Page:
Despite the concerns though, we would do well to remember that heading into March, Arsenal were very much in the title race and held a first leg lead over eventual champions Barcelona in the Champions League. Van Persie had the best goals per game record in the league scoring 18 goals in his final 17 appearances while Nasri, Walcott and Wilshere all enjoyed their finest seasons to date in their young careers. Vermaelen is essentially a new signing at the back giving the team their best centre back depth for several years while the ever reliable Sagna is back again for another campaign on the right. The finances also seem to be available to strengthen the side if Wenger finds the right player to fit the team. It’s been a while since they tasted success at the Emirates but writing this team off seems premature at best.
It’s a fairly typical 4-2-3-1 / 4-5-1 deployed by Wenger with many interchangeable parts allowing him the flexibility to create favourable matchups depending on the given situation. Gervinho, Arshavin, Rosicky and Chamakh give probably the best depth Arsenal have enjoyed along the front three since Henry, Pires et al thrilled the Highbury crowd. The team can sometimes become a tad narrow –particularly down the left – and it will be important for whoever (if anyone) comes in at left back to fill the void left by the loss of Clichy’s forward runs. The development of Jack Wilshere as a force in the middle should give Fabregas the confidence he needs in those behind to push further upfield and dictate the play. Fabregas’ importance to this team cannot be underestimated: in his 20 starts last season, Arsenal scored 44 goals, winning 13 and drawing 4. Extrapolated those numbers over a season would give Arsenal 84 goals and 82 points, two more than champions Man Utd.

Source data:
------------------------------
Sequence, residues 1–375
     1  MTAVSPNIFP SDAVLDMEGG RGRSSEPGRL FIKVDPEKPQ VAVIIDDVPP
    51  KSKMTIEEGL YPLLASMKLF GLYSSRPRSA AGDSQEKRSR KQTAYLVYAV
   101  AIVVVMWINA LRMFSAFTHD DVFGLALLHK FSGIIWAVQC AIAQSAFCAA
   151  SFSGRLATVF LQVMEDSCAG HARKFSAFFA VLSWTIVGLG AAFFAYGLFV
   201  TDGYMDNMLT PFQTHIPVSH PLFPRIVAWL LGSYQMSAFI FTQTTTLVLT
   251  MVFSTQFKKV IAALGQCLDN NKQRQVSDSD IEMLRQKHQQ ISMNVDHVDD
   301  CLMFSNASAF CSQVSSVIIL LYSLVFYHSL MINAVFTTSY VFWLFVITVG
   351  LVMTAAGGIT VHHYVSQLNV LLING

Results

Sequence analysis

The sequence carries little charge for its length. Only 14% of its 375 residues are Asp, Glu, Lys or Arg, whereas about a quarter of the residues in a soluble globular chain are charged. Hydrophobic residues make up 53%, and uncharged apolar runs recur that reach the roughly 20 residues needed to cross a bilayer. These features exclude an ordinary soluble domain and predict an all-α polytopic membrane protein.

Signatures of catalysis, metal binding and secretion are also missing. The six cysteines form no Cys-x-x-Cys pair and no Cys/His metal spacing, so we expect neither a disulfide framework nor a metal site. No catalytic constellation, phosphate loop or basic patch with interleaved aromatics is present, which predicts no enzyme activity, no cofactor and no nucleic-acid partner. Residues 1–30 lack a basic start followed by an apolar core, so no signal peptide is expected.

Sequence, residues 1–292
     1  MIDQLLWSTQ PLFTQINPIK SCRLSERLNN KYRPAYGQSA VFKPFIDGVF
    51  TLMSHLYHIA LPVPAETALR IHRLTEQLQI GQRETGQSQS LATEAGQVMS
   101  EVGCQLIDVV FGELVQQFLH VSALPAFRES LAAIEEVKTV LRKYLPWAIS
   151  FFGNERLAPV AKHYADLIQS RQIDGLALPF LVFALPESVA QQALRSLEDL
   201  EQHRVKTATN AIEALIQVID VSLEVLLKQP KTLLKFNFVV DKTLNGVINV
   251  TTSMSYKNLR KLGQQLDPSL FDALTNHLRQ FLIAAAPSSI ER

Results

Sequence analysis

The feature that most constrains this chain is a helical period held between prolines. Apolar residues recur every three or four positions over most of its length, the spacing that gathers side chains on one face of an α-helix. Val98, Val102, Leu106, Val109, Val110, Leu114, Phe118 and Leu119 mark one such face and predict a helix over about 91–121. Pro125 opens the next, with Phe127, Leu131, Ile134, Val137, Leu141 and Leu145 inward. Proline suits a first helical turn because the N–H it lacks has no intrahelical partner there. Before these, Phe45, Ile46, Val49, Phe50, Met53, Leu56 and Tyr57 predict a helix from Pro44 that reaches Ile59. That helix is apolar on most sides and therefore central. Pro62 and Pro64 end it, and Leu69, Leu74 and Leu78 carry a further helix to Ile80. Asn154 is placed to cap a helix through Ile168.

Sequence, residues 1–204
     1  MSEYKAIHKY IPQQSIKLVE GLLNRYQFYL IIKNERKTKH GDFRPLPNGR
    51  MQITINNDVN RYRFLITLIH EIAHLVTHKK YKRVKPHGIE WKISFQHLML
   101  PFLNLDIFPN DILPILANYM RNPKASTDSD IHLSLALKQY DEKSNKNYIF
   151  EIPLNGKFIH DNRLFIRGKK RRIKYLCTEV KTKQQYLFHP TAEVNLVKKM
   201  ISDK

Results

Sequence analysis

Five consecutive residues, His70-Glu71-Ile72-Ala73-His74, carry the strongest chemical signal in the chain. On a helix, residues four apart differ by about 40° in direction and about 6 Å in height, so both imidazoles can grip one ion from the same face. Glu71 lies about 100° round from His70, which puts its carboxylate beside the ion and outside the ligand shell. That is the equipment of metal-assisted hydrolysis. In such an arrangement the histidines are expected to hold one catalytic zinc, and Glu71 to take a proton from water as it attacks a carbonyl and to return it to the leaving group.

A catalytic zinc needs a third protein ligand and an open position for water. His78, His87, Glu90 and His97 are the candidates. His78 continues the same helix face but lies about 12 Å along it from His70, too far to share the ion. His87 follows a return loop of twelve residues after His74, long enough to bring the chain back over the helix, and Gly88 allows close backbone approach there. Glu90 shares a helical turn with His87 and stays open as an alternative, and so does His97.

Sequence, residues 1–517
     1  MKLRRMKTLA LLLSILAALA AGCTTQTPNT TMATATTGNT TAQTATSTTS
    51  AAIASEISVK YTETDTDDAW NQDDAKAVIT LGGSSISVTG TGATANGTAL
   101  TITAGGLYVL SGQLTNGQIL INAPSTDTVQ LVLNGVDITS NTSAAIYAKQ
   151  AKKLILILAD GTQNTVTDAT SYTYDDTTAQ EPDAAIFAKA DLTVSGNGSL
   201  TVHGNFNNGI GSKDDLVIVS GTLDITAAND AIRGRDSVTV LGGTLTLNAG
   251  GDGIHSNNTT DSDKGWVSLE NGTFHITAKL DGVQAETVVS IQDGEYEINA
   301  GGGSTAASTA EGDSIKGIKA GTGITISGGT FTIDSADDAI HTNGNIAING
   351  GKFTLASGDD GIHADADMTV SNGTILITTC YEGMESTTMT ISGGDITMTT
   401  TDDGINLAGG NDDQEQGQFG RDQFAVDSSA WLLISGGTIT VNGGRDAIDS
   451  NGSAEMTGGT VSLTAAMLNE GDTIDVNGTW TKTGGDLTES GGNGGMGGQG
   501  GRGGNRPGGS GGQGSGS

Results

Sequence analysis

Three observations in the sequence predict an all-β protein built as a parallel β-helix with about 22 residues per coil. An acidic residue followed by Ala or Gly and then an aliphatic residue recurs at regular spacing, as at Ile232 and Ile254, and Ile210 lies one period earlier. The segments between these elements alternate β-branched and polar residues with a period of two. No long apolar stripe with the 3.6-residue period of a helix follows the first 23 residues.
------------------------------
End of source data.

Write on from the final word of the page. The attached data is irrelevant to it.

Both Samir Nasri and Cesc Fabregas would be huge losses to Arsenal, but regardless their main man is Dutch striker Robin van Persie. He proved his worth last season with a gluttony of goals, and if they can keep him in one piece for a whole season he’s one of best in Premier League when it comes to providing plenty of goals and assists.
Newcastle (A), Liverpool (H), Man Utd (A), Swansea (H), Blackburn (A), Bolton (H)
Given the recent trend of starting the season fairly well, Wenger may well be somewhat pleased to see the trip to Old Trafford early on the slate. The first three games could bring back nightmares for the Gunners who may recall throwing points away at Newcastle having led 4-0 and at home to Liverpool in the 102nd minute. A poor 1-0 loss to Man Utd is unlikely to bring back warm memories either. Better performance this year followed by three winnable games could set Arsenal up nicely for another a) run at the title, b) late season collapse (delete as appropriate).
Where will they finish?
With the lack of good additions to the squad and the uncertain futures over a number of their top players, our optimism for Arsenal has been dampened after having tipped them for title success last season. Out of all of the top four clubs, Arsenal’s place might be under the biggest threat from big spenders Liverpool. But we think Arsenal will hold on til the finish. 4th